Kaja Snare – Agon’s ace world championship reporter

Snare during the Norway Chess Qualifier in 2015, where she was the host along with Magnus Carlsen. Photo: Linnea SyversenSnare during the Norway Chess Qualifier in 2015, where she was the host along with Magnus Carlsen. Photo: Linnea Syversen

Norwegian sports reporter Kaja Snare has been headhunted to become the international TV reporter for organizer Agon’s live coverage of the Carlsen-Karjakin title match in New York.

by Tarjei J. Svensen and Jonathan Tisdall

«I’m ecstatic!» the 26-year-old tells Matt & Patt. «It is a completely new challenge for me.»

Norwegian chess fans know Kaja well, and thanks to active and competitive mainstream TV coverage of major events, she has quickly gained some international attention as well. Previously a full-time reporter and program anchor for the sports channel of Norway’s main commercial network TV 2, she became a regular part of their TV chess coverage after a debut covering the Sinquefield International in 2014, and intense experience at the Carlsen-Anand rematch in Sochi.

Just ask questions

Kaja Snare looking forward to be a reporter in New York. Photo: Tarjei J. Svensen

Kaja Snare looking forward to being a reporter in New York. Photo: Tarjei J. Svensen

In this blog entry her infectious enthusiasm is evident, as is her ability to learn on the fly. As the title of the piece indicates, (All Questions Seem Stupid When You Talk With The World’s Brightest Minds) Kaja’s cheerful blend of respect and fearlessness lets her approach the world’s top players – and make them approachable.

Expert commentator Atle Grønn, an IM and TV personality for state broadcaster – and competitor – NRK, had nothing but praise for Snare’s rapid development as a journalist capable of making chess a watchable sport, as she and Carlsen hosted a prime time talk show built around the 2015 qualifier for the Norway Chess supertournament.

«Kaja is incredibly impressive,» Grønn told Matt & Patt. «She asks precise questions that are relevant and that everyone can understand.»

Agon boss Ilya Merenzon agrees. After seeing her work for TV 2′ sports channel at the Sochi match, he calls her ‘a world-class reporter’ who ‘speaks perfect English’.

Making the complex seem simple

TV 2's coverage during Norway Chess, here with Hans Olav Lahlum, Ellen Carlsen and Erle Marki Hansen. Photo: Tarjei J. Svensen

TV 2’s coverage during Norway Chess, here with Hans Olav Lahlum, Ellen Carlsen and Erle Marki Hansen. Photo: Tarjei J. Svensen

«We’ve seen her in action and she knows chess and knows personally the champion and is also able to extract personal side of the players and is not afraid to ask difficult questions while retaining good connections. She is a very good journalist and also is in perfect position to help us with what is our aim — to make chess more for general public and get personal and broader audience.» Merenzon says.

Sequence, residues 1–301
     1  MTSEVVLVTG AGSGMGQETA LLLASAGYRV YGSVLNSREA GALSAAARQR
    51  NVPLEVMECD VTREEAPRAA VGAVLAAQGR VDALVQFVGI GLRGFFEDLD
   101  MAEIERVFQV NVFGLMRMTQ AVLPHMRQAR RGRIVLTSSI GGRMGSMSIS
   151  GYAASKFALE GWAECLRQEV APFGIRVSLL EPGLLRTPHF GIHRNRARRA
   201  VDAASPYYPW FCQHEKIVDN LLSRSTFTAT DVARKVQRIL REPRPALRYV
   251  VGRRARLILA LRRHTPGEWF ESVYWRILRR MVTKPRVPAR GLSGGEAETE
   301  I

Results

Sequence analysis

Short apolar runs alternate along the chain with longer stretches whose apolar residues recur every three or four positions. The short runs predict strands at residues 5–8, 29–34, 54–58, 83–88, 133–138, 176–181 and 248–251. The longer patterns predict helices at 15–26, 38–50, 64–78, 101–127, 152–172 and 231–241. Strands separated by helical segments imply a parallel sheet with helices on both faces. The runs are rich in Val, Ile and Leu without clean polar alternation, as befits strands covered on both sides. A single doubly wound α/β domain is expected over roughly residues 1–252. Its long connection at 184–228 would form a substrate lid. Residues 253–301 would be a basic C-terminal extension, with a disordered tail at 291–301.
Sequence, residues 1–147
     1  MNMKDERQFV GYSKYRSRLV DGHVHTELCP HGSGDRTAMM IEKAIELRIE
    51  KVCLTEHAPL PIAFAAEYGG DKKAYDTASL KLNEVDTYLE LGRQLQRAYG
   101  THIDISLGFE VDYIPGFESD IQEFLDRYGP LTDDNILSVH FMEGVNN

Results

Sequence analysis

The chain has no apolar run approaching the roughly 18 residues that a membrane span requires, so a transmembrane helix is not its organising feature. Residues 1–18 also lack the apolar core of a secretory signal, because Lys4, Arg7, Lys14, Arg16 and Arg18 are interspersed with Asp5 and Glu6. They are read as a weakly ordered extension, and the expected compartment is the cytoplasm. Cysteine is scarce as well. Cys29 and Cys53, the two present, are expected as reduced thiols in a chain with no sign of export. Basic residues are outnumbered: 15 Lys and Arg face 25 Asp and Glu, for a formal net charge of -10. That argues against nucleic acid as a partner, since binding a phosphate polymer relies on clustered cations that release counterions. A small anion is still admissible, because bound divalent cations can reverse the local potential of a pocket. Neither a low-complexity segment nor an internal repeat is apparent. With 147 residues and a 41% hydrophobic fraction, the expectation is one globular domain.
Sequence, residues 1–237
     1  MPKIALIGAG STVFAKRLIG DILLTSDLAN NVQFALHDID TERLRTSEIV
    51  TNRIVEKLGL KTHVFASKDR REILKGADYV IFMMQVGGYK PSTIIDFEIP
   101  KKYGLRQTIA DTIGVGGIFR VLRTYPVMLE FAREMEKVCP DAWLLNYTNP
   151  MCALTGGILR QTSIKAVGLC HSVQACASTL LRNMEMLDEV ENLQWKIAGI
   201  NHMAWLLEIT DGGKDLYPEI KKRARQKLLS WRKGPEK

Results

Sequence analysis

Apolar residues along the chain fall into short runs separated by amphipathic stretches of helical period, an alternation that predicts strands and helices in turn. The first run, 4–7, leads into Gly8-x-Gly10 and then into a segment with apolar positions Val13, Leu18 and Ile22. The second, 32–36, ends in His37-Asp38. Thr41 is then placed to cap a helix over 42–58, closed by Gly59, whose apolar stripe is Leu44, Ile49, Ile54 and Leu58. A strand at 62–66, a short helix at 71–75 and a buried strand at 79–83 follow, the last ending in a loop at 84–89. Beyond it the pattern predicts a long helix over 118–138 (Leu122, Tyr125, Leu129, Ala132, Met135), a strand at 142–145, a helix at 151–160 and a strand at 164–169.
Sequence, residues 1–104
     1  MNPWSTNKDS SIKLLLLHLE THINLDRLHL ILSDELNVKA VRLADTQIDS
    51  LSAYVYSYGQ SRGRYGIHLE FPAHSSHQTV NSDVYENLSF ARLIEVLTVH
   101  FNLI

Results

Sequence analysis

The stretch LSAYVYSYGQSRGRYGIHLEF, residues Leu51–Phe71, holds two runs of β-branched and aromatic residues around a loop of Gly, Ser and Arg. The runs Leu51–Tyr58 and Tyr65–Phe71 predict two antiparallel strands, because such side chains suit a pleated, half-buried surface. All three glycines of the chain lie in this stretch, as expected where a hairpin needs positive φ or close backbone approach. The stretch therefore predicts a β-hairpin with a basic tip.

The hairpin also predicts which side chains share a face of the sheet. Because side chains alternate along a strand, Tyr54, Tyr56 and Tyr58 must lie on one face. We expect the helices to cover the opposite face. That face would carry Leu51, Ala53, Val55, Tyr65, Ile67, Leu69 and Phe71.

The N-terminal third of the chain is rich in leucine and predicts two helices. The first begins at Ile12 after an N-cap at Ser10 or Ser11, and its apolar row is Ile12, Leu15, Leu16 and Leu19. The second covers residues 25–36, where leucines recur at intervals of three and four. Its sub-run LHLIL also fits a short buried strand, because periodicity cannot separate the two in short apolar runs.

He told Matt & Patt that ambitions for the event are high and Agon intends to assemble commentators and experts from around the world.

Matt & Patt has long known that the Agon boss has tried to hire Snare as a reporter and program host for international broadcasts. The Candidates tournament in Moscow last March was ruled out because of her job with TV 2, but this is no longer an obstacle after staffing cuts at the network made her a free agent.

«It worked out well now that I am leaving TV 2. I got in touch with Ilya again and said I really wanted to work with Agon. He was pleased and we came to an agreement,» Snare explains.

More than Magnus

Snare interviewing Peter Svidler and Jan Gustafsson for TV 2 during the Norway Chess coverage this year. Photo: Tarjei J. Svensen

Snare interviewing Peter Svidler and Jan Gustafsson for TV 2 during the Norway Chess coverage this year. Photo: Tarjei J. Svensen

Norway’s state broadcaster NRK has the rights and assignment to produce the international programming from New York. Their mass market handling of chess – along with Magnus Carlsen’s success – has made the game a hot TV property in Norway, and won several awards. The plan is to try and do the same for global viewers.

«It feels a bit absurd that I started working with chess just two years ago. I was kind of thrown into it. Now I get the chance to work in such a major production at a world championship. I am looking forward to it so much. It will be a huge challenge since we are going to reach a new audience that does not have the advantage we have with Magnus Carlsen,» Kaja says.

She doesn’t fear that being Norwegian will prevent her from being professionally neutral.

«If there is one thing we journalists are trained to do, it is to be objective. It is not first and foremost Magnus that makes this title match special, it is everything around it. A Russian is finally back and fighting to win the title back – in New York, where Bobby Fischer grew up,» she says.

«Finally we are programming for the whole world. This is show time. We know so little about what Karjakin is capable of and what he has done, and he has an enormous team around him. And Magnus now meets a completely new opponent. This isn’t ‘Go Magnus!’, it’s ‘Go World Championship!’,» Kaja says.

Snare is off for New York on 7 November, four days before the first game begins. «I hope it will be a long match,» she says.

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